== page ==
Copyright 2017 Original content authorized only to appear on Money Beagle. Please subscribe via RSS, follow me on Twitter, Facebook, or receive e-mail updates. Thank you for reading.

Have Fun At The Office

If you have an office job, you know it isn’t always fun.  Many places have fun activities.  But for every Google that’s loaded with ping pong tables, there’s 100 offices that have, well, nothing.  Fear not.  You can make your office a fun place.  And you don’t even need to convince management to buy a ping pong table!  Here are some ideas to have fun at the office.  They’re fun, easy, and they’re (mostly) free.


image from Morguefile courtesy of Alvimann

This is all the rage around our office.  Somebody brought in a jigsaw puzzle and left it out on a table that nobody ever used.  It didn’t take long before people started putting it together.  When you walked by there was always someone there.  Now, people have started bringing in puzzles.  Just about everyone has some around the house, right?  At last count our office had four different puzzle stations going.

Deck of Cards

Bring a deck of cards and leave them in the break room.  It won’t take long before people start playing during lunch or break time.  Whether it’s a game of rummy, poker, war, or cribbage, people will play. Just make sure it doesn’t cut into work time.  Also, no gambling for money.

Checkers Board

Checkers is an easy game that just about everybody knows how to play.  There has to be someone that has a board lying around the house.  Bring one in and I guarantee you’ll have people playing in no time.  You could also bring in a chess board though these games can tend to take longer.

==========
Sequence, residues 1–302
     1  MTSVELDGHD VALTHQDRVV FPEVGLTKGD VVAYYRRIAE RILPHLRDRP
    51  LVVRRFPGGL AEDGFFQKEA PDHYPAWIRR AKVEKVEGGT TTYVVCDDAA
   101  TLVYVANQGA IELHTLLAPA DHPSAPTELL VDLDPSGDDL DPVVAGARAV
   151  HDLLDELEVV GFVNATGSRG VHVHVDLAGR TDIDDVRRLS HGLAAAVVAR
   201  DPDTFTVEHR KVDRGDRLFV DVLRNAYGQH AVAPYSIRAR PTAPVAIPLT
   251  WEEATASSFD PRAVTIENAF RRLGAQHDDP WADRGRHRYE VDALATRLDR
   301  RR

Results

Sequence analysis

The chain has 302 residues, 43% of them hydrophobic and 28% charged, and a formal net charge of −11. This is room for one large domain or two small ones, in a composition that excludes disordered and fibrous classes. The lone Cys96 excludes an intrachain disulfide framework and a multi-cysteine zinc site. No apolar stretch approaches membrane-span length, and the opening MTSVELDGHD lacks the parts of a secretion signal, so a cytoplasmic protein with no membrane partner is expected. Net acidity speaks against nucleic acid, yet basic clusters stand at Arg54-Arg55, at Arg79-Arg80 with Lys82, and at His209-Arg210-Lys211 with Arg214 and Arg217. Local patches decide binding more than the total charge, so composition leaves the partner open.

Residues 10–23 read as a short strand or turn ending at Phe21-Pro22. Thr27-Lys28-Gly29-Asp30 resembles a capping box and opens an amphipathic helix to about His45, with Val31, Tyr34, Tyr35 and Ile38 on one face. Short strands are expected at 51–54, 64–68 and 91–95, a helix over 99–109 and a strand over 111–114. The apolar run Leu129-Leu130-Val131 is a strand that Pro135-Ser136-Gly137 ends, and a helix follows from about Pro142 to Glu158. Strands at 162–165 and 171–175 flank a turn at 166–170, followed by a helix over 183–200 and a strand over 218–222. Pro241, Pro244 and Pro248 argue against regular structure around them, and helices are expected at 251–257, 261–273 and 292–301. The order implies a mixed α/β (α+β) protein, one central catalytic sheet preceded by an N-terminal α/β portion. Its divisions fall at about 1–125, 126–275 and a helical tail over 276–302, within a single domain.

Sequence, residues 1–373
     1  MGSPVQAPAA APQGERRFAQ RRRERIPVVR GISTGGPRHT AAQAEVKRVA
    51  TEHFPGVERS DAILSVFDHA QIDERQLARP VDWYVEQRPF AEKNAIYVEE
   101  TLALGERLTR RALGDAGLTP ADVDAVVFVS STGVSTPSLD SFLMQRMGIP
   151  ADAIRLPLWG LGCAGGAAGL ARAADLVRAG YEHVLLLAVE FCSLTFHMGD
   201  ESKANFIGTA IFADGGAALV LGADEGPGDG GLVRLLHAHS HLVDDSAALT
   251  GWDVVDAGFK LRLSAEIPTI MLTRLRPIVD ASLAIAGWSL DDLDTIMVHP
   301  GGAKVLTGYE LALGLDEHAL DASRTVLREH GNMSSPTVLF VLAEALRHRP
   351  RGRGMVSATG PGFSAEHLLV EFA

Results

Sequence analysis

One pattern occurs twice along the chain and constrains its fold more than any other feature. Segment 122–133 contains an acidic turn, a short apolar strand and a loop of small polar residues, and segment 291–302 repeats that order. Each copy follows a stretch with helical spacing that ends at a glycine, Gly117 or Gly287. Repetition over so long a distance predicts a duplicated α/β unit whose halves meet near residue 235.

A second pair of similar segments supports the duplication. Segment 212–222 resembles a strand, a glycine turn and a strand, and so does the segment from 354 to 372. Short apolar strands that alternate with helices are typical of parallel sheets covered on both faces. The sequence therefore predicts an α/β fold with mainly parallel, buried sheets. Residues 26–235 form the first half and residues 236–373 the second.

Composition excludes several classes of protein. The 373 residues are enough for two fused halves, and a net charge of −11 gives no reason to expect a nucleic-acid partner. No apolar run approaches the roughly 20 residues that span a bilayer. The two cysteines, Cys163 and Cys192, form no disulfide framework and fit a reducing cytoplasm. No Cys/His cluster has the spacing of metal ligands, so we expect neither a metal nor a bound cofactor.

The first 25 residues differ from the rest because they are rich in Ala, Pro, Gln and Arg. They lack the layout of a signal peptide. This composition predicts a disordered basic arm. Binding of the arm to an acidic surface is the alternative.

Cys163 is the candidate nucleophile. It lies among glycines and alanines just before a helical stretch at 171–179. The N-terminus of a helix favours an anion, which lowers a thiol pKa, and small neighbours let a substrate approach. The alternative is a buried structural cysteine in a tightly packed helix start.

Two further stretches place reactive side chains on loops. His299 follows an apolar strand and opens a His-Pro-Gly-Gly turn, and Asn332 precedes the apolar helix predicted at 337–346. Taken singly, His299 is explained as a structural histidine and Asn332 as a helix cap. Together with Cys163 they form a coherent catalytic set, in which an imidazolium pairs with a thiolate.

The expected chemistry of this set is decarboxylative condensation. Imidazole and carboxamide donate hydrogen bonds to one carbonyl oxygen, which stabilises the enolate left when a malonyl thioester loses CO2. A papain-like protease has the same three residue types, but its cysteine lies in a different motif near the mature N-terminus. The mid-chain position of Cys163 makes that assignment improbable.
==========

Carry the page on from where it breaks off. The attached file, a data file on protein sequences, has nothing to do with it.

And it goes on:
Fun Bulletin Board

Sometimes there are bulletin boards around the office.  Many go unused or have announcements from years ago.  Clear some space and hang some fun things.  Maybe a funny meme that you print out.  Some funny comics from a daily desk calendar.  People will go to it for some laughs, and it will grow.

Non-Work White Board

Most offices nowadays have white boards all over the place.  If you can find one that’s not used for work, re-purpose it for people to draw.  You’ll be amazed to find out some of the artistic qualities that your co-workers have.

Coloring Books

Along the same lines, bring in some coloring books, and either crayons or pencils.  I bet that people will start using them.  You’ll find some really cool work and probably some funny ones as well.

Outside of the puzzles, these are just a few ideas I came up with.  These are things that I think can bring people together, and get people talking.  Either way, a little extra fun and creativity is always a good thing, right?  Now get back to work!

Readers, what fun ideas do you have for an office that are quick and simple?

Copyright 2017 Original content authorized only to appear on Money Beagle. Please subscribe via RSS, follow me on Twitter, Facebook, or receive e-mail updates. Thank you for reading.

Friday Favorites – October 20, 2017

It’s been a crazy couple of weeks.  We were supposed to go camping last weekend but didn’t.  It poured buckets all day Saturday.  That would have been our final trip of the year.  Oh, well.  In addition, kids activities have kicked into high gear.  My son is doing Cub Scouts for the second year in a row.  I’m excited (and a little nervous) as I agreed to be his den leader.  That means I’ll be coordinating activities for the ‘Bears’ (a.k.a.) third graders.  Definitely exciting!

Favorite Posts

Here are some posts I’ve enjoyed over the last two weeks: